Note that the Euclidean mean is the minimizer of over all patches . Our main observation is that, if we instead compute the minimizer of over all , and take the center coordinate of , then we get a much better estimate. Indeed, the denoised value turns out to be around in this case. The above minimizer is called the Euclidean median (or the geometric median) in the literature . We will often simply call it the median. We repeated the above experiment using several noise realizations, and consistently got better results using the median. Averaged over trials, the denoised value using the mean and median were found to be and , respectively. Indeed, in Fig. 2, note how close the median is to the true patch compared to the mean. This does not come as a surprise since it is well-known that the median is more robust to outliers than the mean. This fact has a rather simple explanation in one dimension. In higher dimensions, note that the former is minimizer of (the square of) the weighted norm of the distances , while the latter is the minimizer of the weighted norm of these distances. It is this use of the norm over the norm that makes the Euclidean median more robust to outliers .

## 3 Non-Local Euclidean Medians

Following the above observation, we propose Algorithm 1 below which we call the Non-Local Euclidean Medians (NLEM). We use to denote the search window of size centered at pixel .

The difference with NLM is in step b which involves the computation of the Euclidean median. That is, given points and weights , we are required to find that minimizes the convex cost . There exists an extensive literature on the computation of the Euclidean median; see [4, 5], and the references therein. The simplest algorithm in this area is the so-called Weiszfeld algorithm [4, 5]. This is, in fact, based on the method of iteratively reweighted least squares (IRLS), which has received renewed interest in the compressed sensing community in the context of minimization [6, 7]. Starting from an estimate , the idea is to set the next iterate as

 x(k+1)=arg minx∈Rdn∑j=1wj∥x−xj∥2∥x(k)−xj∥.

This is a least-squares problem, and the minimizer is given by

 x(k+1)=∑jμ(k)jxj∑jμ(k)j, (3)

where . Starting with an initial guess, one keeps repeating this process until convergence. In practice, one needs to address the situation when gets close to some , which causes to blow up. In the Weiszfeld algorithm, one keeps track of the proximity of to all the , and is set to be if for some . It has been proved by many authors that the iterates converge globally, and even linearly (exponentially fast) under certain conditions, e.g., see discussion in .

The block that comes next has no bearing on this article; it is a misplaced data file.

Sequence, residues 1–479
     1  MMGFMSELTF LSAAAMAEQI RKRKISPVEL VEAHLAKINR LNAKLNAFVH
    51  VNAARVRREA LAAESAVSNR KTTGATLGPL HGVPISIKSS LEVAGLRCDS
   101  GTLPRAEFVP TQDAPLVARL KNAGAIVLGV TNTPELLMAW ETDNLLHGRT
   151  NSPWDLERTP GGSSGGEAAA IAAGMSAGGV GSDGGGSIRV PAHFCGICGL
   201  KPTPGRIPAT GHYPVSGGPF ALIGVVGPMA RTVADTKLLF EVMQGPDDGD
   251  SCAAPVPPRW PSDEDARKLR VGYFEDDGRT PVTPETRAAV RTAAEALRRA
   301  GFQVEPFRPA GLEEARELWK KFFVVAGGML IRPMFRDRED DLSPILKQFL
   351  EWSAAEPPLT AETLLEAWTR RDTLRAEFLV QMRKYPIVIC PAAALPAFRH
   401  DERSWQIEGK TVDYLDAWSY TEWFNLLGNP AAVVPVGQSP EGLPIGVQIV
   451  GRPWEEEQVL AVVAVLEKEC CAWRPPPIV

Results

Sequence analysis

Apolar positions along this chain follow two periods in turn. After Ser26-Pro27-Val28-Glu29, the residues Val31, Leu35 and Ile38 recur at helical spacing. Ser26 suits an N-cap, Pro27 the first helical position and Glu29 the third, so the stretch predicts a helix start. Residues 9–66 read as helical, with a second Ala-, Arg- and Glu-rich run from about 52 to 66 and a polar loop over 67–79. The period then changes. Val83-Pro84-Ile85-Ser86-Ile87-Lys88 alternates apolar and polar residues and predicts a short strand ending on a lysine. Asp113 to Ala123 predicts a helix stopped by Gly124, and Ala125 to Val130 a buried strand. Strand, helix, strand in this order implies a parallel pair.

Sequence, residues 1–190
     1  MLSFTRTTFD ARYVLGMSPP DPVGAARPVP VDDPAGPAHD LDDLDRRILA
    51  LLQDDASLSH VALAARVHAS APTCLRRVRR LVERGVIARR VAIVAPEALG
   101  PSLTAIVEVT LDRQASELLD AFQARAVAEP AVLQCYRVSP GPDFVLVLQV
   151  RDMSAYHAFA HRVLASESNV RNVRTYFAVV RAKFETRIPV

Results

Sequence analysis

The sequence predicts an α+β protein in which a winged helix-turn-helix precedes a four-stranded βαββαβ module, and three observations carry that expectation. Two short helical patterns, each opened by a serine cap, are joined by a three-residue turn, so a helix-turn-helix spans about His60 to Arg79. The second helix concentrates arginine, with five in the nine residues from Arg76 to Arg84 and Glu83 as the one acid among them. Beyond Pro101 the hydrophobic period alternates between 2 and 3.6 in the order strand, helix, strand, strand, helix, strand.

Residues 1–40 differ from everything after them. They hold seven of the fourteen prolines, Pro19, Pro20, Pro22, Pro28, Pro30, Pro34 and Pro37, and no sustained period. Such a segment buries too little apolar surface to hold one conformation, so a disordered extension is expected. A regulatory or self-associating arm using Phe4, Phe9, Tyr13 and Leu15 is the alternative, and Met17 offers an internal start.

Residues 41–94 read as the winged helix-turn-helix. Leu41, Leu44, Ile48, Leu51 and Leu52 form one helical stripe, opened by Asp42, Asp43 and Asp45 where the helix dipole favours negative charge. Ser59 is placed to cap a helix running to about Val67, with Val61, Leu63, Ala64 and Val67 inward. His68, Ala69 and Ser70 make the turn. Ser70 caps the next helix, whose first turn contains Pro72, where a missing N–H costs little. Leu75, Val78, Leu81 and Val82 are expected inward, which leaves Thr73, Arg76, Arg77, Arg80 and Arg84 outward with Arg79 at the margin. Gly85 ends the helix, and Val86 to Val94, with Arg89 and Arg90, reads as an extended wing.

Following the recent ideas in [6, 7], we have also tried regularizing (3) by adding a small bias, namely by setting . The bias is updated at each iterate, e.g., one starts with and gradually shrinks it to zero. The convergence properties of a particular flavor of this algorithm are discussed in . We have tried both the Weiszfeld algorithm and the one in . Experiments show us that faster convergence is obtained using the latter, typically within to steps. The overall computational complexity of NLEM is per pixel, where is the average number of IRLS iterations. The complexity of the standard NLM is per pixel.

## 4 Experiments

We now present the result of some preliminary denoising experiments. For this, we have used the synthetic images shown in Fig. 3 and some natural images. For NLEM, we computed the Euclidean median using the simple IRLS scheme described in . For all experiments, we have set , and for both algorithms. These are the standard settings originally proposed in .

First, we considered the Checker image. We added noise with resulting in a peak-signal-to-noise ratio (PSNR) of . The PSNR improved to after applying NLM, and with NLEM this further went up to (averaged over noise realizations). This improvement is perfectly explained by the arguments provided in Section 2. Indeed, in Fig.(a)a, we have marked those pixels where the estimate from NLEM is significantly closer to the clean image than that obtained using NLM. More precisely, denote the original image by , the noisy image by , and the denoised images from NLM and NLEM by and . Then the “+” in the figure denotes pixels where . Note that these points are concentrated around the edges where the median performs better than the mean.